Other witnesses who delivered testimony at the hearing were: Joseph Szabo, Administrator, Federal Railroad Administration; Cynthia L. Quarterman, Administrator, Pipeline and Hazardous Materials Safety Administration; Robert L. Sumwalt, Member, National Transportation Safety Board; Jack N. Gerard, President and Chief Executive Officer, American Petroleum Institute; Michael Melaniphy, President, American Public Transportation Association; and Edward R. Hamberger, President and Chief Executive Officer, Association of American Railroads.

February 14, 2014

Show your support for two-person train crews

Progressive Railroading is conducting an informal poll this week asking, “Do you think all freight trains should be required to have a minimum crew size of two people?” This poll follows the introduction of the Safe Freight Act (H.R. 3040) in Congress, a piece of legislation backed jointly by the BLET and SMART Transportation Division (former UTU) that would require two person train crews.

H.R. 3040 would mandate that “no freight train or light engine used in connection with the movement of freight may be operated unless it has a crew consisting of at least 2 individuals, one of whom is certified under regulations promulgated by the Federal Railroad Administration as a locomotive engineer pursuant to section 20135, and the other of whom is certified under regulations promulgated by the Federal Railroad Administration as a conductor pursuant to section 20163.”

For more information regarding the Safe Freight Act, please visit:

BLET members, retirees, the BLET Auxiliary, and all concerned family members are being urged to contact their member of Congress and to ask for their support of H.R. 3040. To find your member of the U.S. House, go to and enter your Zip Code.

You can also cast your vote in Progressive Railroading’s poll here:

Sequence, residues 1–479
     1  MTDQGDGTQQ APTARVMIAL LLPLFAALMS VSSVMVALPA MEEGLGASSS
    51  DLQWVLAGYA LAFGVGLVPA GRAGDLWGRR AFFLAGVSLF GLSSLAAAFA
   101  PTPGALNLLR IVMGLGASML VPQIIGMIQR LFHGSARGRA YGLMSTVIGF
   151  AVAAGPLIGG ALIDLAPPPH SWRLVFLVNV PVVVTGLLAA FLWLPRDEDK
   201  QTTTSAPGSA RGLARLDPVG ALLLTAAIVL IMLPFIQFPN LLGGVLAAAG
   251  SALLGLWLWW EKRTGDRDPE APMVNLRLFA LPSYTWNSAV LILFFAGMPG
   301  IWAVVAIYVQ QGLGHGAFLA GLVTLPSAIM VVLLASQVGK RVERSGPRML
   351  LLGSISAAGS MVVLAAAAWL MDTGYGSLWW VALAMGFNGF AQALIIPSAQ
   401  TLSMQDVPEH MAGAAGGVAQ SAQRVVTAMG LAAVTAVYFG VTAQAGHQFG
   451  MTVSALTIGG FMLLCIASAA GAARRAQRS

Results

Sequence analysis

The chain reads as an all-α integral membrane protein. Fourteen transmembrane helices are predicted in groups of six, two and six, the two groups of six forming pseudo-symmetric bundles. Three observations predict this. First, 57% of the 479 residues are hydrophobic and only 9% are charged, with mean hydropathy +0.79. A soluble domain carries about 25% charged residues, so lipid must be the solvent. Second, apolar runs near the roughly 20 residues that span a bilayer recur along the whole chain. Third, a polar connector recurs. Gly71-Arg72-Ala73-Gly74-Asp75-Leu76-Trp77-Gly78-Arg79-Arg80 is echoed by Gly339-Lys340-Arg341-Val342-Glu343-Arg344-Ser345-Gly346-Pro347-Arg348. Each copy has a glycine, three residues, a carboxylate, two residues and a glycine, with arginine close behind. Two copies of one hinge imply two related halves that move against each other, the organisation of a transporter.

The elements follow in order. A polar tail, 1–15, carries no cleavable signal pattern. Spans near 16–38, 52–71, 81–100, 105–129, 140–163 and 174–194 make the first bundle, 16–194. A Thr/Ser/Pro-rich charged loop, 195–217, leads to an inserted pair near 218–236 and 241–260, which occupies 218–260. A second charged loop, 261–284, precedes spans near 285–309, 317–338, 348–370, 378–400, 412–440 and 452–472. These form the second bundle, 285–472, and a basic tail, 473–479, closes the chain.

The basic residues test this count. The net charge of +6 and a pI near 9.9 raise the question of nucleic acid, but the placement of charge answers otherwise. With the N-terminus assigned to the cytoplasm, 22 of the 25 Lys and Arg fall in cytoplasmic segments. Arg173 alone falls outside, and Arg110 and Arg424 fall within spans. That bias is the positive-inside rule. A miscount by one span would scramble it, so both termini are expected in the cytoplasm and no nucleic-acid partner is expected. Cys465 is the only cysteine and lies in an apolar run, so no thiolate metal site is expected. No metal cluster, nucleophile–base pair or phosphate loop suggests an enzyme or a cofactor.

January 30, 2014

Teamsters take action to oppose Fast Track legislation

On January 31, Teamsters across the country are taking action to oppose Fast Track by calling and emailing their Representatives and Senators. We need to make sure Congress doesn’t pass Fast Track, which would make it easier for job-killing trade agreements like the Trans-Pacific Partnership to become law.

On January 31, the Teamsters will join the Stop Fast Track Coalition in an Inter-Continental Day of Action across the United States and Canada. Members of the Teamsters Rail Conference, including BLET General Committees of Adjustment, State Legislative Boards, and Divisions, as well the BLET Auxiliary and retirees, are encouraged to participate in events which can be found here.

Fast-track legislation would require that Congress only take a quick up-or-down vote on secret trade deals like the Trans-Pacific Partnership and would not allow such agreements to be amended. It limits Congress’ constitutionally mandated oversight of such trade deals and leaves it for others to decide what’s best for America. The result is fewer good-paying U.S. jobs and unsafe food and products for those in this country.

The battle to stop Fast Track legislation is ongoing, and BLET and Rail Conference members can join along side Teamster Local Unions and Joint Councils in standing up against Fast Track in the following ways:

1. Contact your area members of Congress and tell them to vote NO on Fast Track (H.R. 3830). Talking points are available here.

2. Encourage your members to use the Teamster Fast Track Hotline (1-888-979-9806) to call their member of Congress and tell them to vote NO on Fast Track (H.R. 3830). Flyers that can be distributed at worksites are available here.